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Aroma compound



An aroma compound, also known as odorant, aroma, fragrance, flavor, is a chemical compound that has a smell or odor. A chemical compound has a smell or odor when two conditions are met: the compound needs to be volatile, so it can be transported to the olfactory system in the upper part of the nose, and it needs to be in a sufficiently high concentration to be able to interact with one or more of the olfactory receptors.

Aroma compounds can be found in food, wine, spices, perfumes, fragrance oils, and essential oils. For example, many form biochemically during ripening of fruits and other crops. In wines, most form as byproducts of fermentation. Odorants can also be added to a dangerous odorless substance, like natural gas, as a warning. As well many of the aroma compounds plays a significant role in the production of flavorants, which are used in the food service industry to flavor, improve and increase the appeal of their products.

Additional recommended knowledge

Contents

Aroma compounds classified by functional group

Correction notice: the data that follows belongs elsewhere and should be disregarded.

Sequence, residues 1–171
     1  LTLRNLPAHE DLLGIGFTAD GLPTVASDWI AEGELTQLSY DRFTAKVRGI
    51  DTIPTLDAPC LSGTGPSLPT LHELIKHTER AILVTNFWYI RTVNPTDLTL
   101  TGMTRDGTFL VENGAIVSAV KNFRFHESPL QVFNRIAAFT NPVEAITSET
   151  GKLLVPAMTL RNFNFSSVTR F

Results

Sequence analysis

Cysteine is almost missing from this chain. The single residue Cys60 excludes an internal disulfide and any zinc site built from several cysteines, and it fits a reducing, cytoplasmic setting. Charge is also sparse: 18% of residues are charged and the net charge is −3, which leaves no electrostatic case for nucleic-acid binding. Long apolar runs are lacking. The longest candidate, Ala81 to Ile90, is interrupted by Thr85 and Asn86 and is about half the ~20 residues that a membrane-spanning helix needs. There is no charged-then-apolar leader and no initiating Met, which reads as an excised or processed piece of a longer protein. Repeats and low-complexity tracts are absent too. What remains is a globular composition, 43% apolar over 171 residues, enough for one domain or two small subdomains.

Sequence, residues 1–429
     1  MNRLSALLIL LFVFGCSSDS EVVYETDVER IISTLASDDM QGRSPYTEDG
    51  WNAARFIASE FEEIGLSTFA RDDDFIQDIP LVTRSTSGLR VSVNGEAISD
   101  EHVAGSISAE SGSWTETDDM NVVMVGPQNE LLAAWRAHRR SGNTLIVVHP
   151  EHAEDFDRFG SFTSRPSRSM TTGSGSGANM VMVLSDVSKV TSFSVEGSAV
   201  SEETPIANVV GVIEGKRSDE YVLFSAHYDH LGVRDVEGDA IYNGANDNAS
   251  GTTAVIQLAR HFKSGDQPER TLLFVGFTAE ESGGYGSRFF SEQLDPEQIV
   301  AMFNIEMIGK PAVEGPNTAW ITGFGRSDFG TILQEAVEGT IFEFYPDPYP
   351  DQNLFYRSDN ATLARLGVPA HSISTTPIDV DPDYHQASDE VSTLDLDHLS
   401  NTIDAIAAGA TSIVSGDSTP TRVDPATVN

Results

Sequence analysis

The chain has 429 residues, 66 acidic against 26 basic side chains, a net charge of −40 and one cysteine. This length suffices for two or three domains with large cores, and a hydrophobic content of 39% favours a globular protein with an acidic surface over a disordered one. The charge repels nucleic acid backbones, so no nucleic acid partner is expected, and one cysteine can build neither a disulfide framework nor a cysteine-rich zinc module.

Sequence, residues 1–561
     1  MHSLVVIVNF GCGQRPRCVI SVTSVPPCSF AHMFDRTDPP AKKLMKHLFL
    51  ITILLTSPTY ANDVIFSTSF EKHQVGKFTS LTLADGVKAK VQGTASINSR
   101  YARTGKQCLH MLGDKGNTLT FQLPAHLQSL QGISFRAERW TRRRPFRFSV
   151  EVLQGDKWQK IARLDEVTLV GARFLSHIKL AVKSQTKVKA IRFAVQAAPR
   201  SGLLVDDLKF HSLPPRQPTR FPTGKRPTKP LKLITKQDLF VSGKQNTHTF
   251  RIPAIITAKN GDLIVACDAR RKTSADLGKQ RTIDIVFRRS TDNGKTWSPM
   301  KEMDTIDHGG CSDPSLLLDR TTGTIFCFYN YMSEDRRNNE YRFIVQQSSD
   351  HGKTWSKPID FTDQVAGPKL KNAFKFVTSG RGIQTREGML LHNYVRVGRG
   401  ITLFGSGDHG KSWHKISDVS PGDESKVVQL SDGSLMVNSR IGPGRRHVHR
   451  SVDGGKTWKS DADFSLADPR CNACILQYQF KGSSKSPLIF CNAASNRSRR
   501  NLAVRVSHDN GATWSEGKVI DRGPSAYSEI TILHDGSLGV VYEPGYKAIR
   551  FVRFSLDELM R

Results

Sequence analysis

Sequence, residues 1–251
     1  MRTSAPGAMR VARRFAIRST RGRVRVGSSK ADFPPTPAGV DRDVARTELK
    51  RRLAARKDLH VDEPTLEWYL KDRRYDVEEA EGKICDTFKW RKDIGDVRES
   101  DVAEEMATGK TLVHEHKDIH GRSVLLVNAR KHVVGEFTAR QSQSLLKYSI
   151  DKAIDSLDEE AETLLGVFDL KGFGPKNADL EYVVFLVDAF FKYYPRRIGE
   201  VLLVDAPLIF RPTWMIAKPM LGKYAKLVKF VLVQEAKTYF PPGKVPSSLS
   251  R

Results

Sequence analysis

Alcohols

Aldehydes

Amines

Esters

  • Ethyl acetate (fruity, solvent)
  • Ethyl butanoate (fruity) - also known as ethyl butyrate
  • Ethyl decanoate - also known as ethyl caprate
  • Ethyl hexanoate - also known as ethyl caproate
  • Ethyl octanoate - also known as ethyl caprylate
  • Hexyl acetate (apple, floral, fruity)
  • Isoamyl acetate (banana)
  • Methyl butanoate (apple, fruity) - also known as methyl butyrate
  • Methyl salicylate (oil of wintergreen)
  • Pentyl butanoate (pear, apricot)
  • Pentyl pentanoate (apple, pineapple)
  • Sotolon (maple syrup, curry, fenugreek)
  • Strawberry aldehyde (strawberry)

Ethers

Ketones

  • Oct-1-en-3-one (blood, metallic, mushroom-like)[1]
  • 2-Acetyl-1-pyrroline (fresh bread, jasmine rice)
  • 6-Acetyl-2,3,4,5-tetrahydropyridine (fresh bread, tortillas, pop corn)

Terpenes

Thiols

Miscellaneous compounds

  • Methylphosphine and dimethylphosphine (garlic-metallic, two of the most potent odorants known)[1]

References

  1. ^ a b D. Glindemann, A. Dietrich, H. Staerk, P. Kuschk, (2005). "The Two Odors of Iron when Touched or Pickled: (Skin) Carbonyl Compounds and Organophosphines". Angewandte Chemie International Edition 45 (42): 7006 - 7009. doi:10.1002/anie.200602100.

See also

 
This article is licensed under the GNU Free Documentation License. It uses material from the Wikipedia article "Aroma_compound". A list of authors is available in Wikipedia.
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